Materials and Methods

Experimental Design and Sampling

Based on the Wu and Zeng’s (2001) OP mapping strategy, we collected seeds and leaves from 96 unrelated trees randomly distributed in a natural population of T. grandis in Xiaorong Village, Chenkan Town, Huizhou District, Huangshan City, Anhui Province of China (29°57′ N and 118°14′ E) in 2017. The leaves were used to isolate DNAs used to genotype sampled parental trees. The seeds were stratified in a greenhouse on campus of Zhejiang A&F University (30°15′ N and 119°43′ E). In the following spring (2018), germinated seeds were transplanted into a 22 cm × 21 cm (diameter × height) plastic pot to grow seedlings. Young leaves from seedling were collected for DNA isolation used to genotype the progeny. Seedling height and basal diameter growth was measured for each progeny from each parental tree at the end of each year for 2018–2021. These growth traits were used for QTL mapping.

Leaf samples from both 96 maternal trees and their 878 progeny (4–10 seedlings from each maternal tree) were sent to LC-Bio Technologies (Hangzhou) Co., Ltd., Hangzhou, China. These trees were genotyped for genome-wide SNPs by a GBS-based genotyping technique combining EcoRV and ScaI and SNP calling. An insert size of 430–460 bp was selected by gel electrophoresis for further sequencing library construction. Barcoded adaptors and common adaptors were then ligated to digested fragments, followed by every 96 random samples pooling and PCR amplification, in which only those short samples featuring a barcode + common adaptor combination were amplified. Finally, the fragments were enriched by PCR amplification and purified by magnetic beads. The use of a pair of SNPs for joint linkage and linkage disequilibrium analysis requires the information of the markers that are co-segregating in both parental and offspring populations. Excluding rare allele markers in the parental population, markers deviating from Mendelian segregation pattern in the offspring population, and missing markers (missing at >5%) in the parental population, there are 70,580 such quality SNP markers used for consequent analysis.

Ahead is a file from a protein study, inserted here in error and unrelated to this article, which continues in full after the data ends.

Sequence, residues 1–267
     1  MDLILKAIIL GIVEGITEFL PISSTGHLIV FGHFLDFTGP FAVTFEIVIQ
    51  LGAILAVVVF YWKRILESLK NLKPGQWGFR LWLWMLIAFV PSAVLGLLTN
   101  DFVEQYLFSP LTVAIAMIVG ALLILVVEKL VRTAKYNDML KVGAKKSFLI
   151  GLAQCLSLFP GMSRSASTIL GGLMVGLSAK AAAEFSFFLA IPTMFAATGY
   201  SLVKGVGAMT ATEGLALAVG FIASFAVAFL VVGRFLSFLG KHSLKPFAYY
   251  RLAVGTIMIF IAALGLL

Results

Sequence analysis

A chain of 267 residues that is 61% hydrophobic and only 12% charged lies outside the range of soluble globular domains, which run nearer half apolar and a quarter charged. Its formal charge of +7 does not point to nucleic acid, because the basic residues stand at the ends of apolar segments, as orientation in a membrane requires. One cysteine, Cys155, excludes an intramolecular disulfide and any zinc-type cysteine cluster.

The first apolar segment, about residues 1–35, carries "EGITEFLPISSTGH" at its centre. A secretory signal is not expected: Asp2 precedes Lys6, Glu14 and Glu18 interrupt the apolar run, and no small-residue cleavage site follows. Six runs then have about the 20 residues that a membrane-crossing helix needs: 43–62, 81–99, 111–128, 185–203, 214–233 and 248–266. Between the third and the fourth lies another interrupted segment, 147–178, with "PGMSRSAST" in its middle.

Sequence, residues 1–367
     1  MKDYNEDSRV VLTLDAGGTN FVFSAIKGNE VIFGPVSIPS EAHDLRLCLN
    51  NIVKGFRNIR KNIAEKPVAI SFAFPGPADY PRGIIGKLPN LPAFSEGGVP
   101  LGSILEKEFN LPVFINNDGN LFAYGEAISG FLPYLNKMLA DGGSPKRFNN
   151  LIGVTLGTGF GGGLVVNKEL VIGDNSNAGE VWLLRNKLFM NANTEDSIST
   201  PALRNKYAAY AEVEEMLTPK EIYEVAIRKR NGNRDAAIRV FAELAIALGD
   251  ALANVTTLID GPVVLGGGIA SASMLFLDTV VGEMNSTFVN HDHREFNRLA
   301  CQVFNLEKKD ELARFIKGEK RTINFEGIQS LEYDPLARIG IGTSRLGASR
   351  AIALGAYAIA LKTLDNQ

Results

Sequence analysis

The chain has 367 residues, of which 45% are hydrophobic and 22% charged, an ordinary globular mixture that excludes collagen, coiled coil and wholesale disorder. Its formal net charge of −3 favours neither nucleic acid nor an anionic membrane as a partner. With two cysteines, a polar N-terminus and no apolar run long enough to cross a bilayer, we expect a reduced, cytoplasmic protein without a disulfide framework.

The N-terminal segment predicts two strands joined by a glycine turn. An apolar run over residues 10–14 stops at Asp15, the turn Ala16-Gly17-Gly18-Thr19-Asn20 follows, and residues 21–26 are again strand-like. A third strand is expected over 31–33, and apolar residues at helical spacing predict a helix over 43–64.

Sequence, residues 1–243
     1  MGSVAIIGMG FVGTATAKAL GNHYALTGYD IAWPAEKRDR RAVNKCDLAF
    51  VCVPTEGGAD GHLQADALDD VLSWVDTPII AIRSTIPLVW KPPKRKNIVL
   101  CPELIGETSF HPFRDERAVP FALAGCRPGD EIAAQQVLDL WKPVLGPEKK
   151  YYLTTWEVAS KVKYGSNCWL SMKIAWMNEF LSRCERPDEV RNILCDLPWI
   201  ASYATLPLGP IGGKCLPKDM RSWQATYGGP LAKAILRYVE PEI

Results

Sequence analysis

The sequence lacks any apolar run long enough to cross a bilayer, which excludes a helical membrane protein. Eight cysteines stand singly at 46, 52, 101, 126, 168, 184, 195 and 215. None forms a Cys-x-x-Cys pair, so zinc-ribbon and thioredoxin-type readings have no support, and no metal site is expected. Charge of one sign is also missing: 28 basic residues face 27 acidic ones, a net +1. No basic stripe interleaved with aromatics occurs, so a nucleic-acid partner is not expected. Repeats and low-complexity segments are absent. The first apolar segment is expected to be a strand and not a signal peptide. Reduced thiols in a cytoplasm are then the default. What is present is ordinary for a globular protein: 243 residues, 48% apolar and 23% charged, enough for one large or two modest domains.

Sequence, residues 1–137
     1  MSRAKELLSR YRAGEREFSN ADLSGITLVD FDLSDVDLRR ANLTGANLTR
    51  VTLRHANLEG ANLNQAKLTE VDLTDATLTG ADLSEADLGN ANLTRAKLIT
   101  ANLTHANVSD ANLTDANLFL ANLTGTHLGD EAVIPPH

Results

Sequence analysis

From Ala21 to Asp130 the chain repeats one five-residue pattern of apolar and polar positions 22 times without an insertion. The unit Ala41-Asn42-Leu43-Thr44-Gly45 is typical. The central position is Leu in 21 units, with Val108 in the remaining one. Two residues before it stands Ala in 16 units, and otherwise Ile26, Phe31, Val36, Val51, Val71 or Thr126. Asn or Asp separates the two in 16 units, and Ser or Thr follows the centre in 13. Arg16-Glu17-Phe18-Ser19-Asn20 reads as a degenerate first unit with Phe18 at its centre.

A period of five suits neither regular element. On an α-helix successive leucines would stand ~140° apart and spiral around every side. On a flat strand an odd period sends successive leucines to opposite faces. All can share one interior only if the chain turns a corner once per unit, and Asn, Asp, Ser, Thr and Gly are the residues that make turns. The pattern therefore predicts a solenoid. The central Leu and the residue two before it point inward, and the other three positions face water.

Linkage Map Construction and Linkage Disequilibrium Estimation

A statistical algorithm for simultaneously estimating the recombination fractions and linkage disequilibria between each pair of markers using the OP design was described in detail by Wu and Zeng (2001), Wu et al. (2002a), and Zhu et al. (2015a,b). To help the readers understand this algorithm, we outlined its basic principle. Consider a pair of biallelic SNP markers that are co-segregating in parental population. Let Sp denote parental genotypes at these two markers. The pattern of marker co-segregation is determined by population genetic parameters (P); i.e., four haplotype frequencies, or equivalently, by allele frequencies at each marker and the LD between the two markers. The co-segregating marker pair is co-transmitted from parents to their half-sib progeny, forming offspring genotypes (denoted by So). The pattern of co-transmission is determined by the recombination fraction, denoted by r. The likelihood of population genetic parameters and the recombination fraction given observed marker data is formulated as:


which includes two components, the likelihood of population genetic parameters [Lp(P| Sp)] given parental marker genotypes and the likelihood of the recombination fraction [Lq(r| Sp, So, P)] given parental and offspring genotypes and the estimates of population genetic parameters. Maximizing the likelihood in Eq. (1) is equivalent to maximizing Lp(P| Sp) and Lq(r| Sp, So, P), individually. Wu and Zeng (2001) proposed the EM algorithm to jointly solve these two likelihoods. Specifically, Lp(P| Sp) allows us to estimate haplotype frequencies, from which allele frequencies and LD are estimated. The estimated LD was normalized as marker-marker correlation (r2), whereas Lq(r| Sp, So, P) allows us to estimate the recombination fraction. Thus, for the same pair of markers, we can estimate both their recombination fraction and LD, which allows the linkage-LD map to be built.